Delhi's air quality continues to remain at alarming levels, as air quality worsened to “severe” on the air quality index (AQI) on Thursday morning.
According to the Central Pollution Control Board (CPCB) data, the Air Quality Index is at 486 in Sonia Vihar. While, AQI was recorded at 432 (severe category) in Vikas Sadan area.
PM10 levels in Delhi-NCR stood at 561 microgram per cubic meter (µg/m3) at 8 am -- the highest since November 15 last year, when it was 637 µg/m3, according to CPCB data. PM10 levels below 100 µg/m3 are considered safe in India. PM10 is particulate matter with a diameter of 10 micrometers which is inhalable. These particles include dust, pollen and mold spores. The levels of PM2, finer particles which can even enter the bloodstream, were 347 µg/m3. PM2.5 levels up to 60 µg/m3 are considered safe.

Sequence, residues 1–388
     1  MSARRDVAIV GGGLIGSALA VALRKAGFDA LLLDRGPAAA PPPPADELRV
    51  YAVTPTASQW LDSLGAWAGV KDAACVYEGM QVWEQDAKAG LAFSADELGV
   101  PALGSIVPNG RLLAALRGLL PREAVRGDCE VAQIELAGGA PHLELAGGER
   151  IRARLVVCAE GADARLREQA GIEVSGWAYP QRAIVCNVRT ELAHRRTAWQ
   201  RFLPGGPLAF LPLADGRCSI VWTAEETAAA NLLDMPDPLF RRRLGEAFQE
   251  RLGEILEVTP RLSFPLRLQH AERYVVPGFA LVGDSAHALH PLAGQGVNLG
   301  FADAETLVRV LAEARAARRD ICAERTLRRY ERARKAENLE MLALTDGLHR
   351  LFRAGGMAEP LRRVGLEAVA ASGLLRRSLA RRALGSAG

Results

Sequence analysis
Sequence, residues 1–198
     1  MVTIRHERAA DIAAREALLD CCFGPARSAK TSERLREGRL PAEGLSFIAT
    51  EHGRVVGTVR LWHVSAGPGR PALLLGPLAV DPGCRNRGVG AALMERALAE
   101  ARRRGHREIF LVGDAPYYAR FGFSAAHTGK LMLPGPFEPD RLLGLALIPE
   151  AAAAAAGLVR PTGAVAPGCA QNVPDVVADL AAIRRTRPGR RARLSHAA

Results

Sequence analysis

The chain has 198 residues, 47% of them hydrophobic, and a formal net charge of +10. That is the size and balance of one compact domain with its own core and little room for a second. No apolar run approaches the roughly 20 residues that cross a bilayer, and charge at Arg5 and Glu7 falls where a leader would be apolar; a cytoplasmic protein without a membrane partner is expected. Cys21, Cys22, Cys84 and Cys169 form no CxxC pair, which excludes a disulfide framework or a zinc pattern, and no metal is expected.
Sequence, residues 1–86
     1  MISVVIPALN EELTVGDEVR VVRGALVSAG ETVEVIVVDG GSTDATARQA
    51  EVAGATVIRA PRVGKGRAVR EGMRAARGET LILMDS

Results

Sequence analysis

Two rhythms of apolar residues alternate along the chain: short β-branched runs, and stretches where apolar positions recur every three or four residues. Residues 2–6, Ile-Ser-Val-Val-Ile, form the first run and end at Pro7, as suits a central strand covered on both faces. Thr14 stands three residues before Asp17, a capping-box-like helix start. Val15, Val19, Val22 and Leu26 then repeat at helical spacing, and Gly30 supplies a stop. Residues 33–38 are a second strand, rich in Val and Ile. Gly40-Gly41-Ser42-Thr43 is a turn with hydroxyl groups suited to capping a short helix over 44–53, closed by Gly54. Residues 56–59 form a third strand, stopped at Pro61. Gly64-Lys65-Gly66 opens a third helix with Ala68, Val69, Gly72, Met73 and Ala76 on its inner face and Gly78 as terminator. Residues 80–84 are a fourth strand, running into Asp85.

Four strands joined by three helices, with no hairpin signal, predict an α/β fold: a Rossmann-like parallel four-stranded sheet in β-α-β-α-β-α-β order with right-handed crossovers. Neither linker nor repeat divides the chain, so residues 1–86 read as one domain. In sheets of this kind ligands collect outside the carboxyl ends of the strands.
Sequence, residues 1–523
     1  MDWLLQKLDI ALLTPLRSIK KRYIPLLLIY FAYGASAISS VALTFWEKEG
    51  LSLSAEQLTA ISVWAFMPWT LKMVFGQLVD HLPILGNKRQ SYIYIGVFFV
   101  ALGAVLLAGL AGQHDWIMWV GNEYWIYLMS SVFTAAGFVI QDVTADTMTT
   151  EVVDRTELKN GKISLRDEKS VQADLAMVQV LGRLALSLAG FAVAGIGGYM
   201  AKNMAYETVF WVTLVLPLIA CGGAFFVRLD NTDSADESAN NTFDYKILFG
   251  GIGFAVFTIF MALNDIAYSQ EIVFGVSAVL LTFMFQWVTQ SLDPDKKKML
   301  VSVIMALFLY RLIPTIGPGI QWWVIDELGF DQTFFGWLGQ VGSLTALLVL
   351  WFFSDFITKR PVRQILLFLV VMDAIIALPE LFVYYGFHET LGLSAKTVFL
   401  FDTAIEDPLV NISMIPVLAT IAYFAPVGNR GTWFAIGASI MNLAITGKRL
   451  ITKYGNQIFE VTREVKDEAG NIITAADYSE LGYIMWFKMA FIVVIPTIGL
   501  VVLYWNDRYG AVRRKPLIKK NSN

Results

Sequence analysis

As the skies hung heavy and acrid over the region, people complained of itchy throat and watery eyes. Experts said unfavourable meteorological conditions -- calm winds and low temperatures -- and smoke from farm fires in neighbouring states led to a dense layer of haze on Wednesday night as the air quality index entered the "severe" zone.
According to the India Meteorological Department (IMD), the maximum wind speed was 5 kilometres per hour on Thursday morning and the minimum temperature 11.2 degrees Celsius. Calm winds and low temperatures trap pollutants close to the ground, while favourable wind speed helps in their dispersion. Health experts said that during the COVID-19 pandemic, air pollution has become a serious health concern for about the two crore residents of the national capital.
(Inputs from Agencies)